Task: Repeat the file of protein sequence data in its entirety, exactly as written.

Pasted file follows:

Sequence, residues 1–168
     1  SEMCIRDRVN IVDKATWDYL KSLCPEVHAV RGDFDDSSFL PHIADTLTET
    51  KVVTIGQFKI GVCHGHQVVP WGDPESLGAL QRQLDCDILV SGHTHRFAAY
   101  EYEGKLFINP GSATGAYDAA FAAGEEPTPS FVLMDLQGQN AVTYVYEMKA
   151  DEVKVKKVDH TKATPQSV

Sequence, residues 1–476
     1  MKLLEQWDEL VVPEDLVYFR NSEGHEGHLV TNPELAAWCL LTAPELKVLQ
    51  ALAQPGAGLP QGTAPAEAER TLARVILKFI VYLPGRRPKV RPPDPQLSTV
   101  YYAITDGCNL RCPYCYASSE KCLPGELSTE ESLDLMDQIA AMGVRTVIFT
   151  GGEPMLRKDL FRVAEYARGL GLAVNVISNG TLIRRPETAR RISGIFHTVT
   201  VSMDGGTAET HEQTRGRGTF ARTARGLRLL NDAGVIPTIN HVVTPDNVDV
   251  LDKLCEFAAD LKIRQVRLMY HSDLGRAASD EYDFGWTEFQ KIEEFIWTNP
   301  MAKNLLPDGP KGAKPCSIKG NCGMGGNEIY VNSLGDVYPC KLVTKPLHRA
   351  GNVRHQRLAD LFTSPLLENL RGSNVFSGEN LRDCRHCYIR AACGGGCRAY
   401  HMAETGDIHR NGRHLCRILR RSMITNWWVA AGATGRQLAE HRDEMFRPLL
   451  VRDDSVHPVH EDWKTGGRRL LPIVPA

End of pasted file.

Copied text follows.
Sequence, residues 1–168
     1  SEMCIRDRVN IVDKATWDYL KSLCPEVHAV RGDFDDSSFL PHIADTLTET
    51  KVVTIGQFKI GVCHGHQVVP WGDPESLGAL QRQLDCDILV SGHTHRFAAY
   101  EYEGKLFINP GSATGAYDAA FAAGEEPTPS FVLMDLQGQN AVTYVYEMKA
   151  DEVKVKKVDH TKATPQSV

Sequence, residues 1–476
     1  MKLLEQWDEL VVPEDLVYFR NSEGHEGHLV TNPELAAWCL LTAPELKVLQ
    51  ALAQPGAGLP QGTAPAEAER TLARVILKFI VYLPGRRPKV RPPDPQLSTV
   101  YYAITDGCNL RCPYCYASSE KCLPGELSTE ESLDLMDQIA AMGVRTVIFT
   151  GGEPMLRKDL FRVAEYARGL GLAVNVISNG TLIRRPETAR RISGIFHTVT
   201  VSMDGGTAET HEQTRGRGTF ARTARGLRLL NDAGVIPTIN HVVTPDNVDV
   251  LDKLCEFAAD LKIRQVRLMY HSDLGRAASD EYDFGWTEFQ KIEEFIWTNP
   301  MAKNLLPDGP KGAKPCSIKG NCGMGGNEIY VNSLGDVYPC KLVTKPLHRA
   351  GNVRHQRLAD LFTSPLLENL RGSNVFSGEN LRDCRHCYIR AACGGGCRAY
   401  HMAETGDIHR NGRHLCRILR RSMITNWWVA AGATGRQLAE HRDEMFRPLL
   451  VRDDSVHPVH EDWKTGGRRL LPIVPA